Readers will know that Harlow Council recently adopted it’s Local Plan, but what of Conservative controlled Epping Forest District Council’s (EFDC) Plan?
The Planning Inspector examining the Plan has long had concerns about what effect the building of thousands of new homes and a huge increase in the number of vehicles on roads in the area will have on Epping Forest. EFDC have now adopted an Interim Air Pollution Mitigation Strategy which sets how it can address the Planning Inspectors concerns. It has to be said that much of what is in the strategy relies on issues outside the control of EFDC such as hoping for an increase in the use of electric vehicles and takes no account of the effect some of these measures may have on Harlow and it’s residents.
Controversially, the EFDC strategy will look to introduce a congestion charge system similar to that used in London, for vehicles being driven in or through a zone drawn around the forest. This may well lead to more traffic on Harlow’s roads as drivers try to avoid driving in the forest and having to pay to do so.
The Harlow Alliance Party (HAP) believe that this document is yet another example of politicians in the region not working together and ignoring research showing that the number of homes needed in the next decade is far less than was envisaged only a few years ago. Building thousands of homes on the Green Belt just outside of Harlow’s border is simply not needed, their deletion from the EFDC Local Plan would at a stroke make a substantial reduction in pollution levels in both Harlow and Epping.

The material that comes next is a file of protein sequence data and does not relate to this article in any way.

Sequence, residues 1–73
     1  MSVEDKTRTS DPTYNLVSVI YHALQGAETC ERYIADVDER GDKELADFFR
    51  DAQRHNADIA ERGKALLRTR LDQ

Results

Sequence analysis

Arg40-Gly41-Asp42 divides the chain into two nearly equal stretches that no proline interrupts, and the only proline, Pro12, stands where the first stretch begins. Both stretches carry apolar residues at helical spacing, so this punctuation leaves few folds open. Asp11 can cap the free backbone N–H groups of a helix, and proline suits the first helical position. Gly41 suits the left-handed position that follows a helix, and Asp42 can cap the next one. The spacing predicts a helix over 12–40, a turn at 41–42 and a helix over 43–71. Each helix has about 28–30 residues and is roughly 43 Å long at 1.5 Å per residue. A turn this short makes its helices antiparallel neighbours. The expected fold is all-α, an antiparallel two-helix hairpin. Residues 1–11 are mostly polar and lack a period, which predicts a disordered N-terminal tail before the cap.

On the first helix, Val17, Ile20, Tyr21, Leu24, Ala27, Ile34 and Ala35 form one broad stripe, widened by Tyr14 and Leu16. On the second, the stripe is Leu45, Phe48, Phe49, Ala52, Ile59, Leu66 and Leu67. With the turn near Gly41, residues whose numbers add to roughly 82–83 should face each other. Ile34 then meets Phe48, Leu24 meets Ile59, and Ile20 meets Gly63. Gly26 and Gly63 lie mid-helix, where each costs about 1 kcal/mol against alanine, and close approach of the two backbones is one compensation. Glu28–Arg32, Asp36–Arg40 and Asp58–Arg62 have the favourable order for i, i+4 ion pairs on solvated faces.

HAP suggest that politicians should be looking collectively at the wider picture. For example extending the Oyster card system to include Harlow railway station would level up the fares with those on the London Tube service, resulting in less cars being driven into Epping from Harlow and removing the need for the Labour group’s fanciful idea of building a costly metro system to Epping Tube Station.
A further suggestion would be to construct an access road leading north onto the M11 at Loughton which would give direct access to the M25 and to Harlow’s new hospital at Junction 7A, reducing the need to drive through the forest and Harlow.